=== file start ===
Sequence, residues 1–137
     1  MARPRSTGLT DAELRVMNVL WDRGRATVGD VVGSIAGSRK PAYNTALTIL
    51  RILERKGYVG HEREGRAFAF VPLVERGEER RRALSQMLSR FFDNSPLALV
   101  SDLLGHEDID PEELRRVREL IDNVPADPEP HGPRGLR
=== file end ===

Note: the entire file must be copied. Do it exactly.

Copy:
Sequence, residues 1–137
     1  MARPRSTGLT DAELRVMNVL WDRGRATVGD VVGSIAGSRK PAYNTALTIL
    51  RILERKGYVG HEREGRAFAF VPLVERGEER RRALSQMLSR FFDNSPLALV
   101  SDLLGHEDID PEELRRVREL IDNVPADPEP HGPRGLR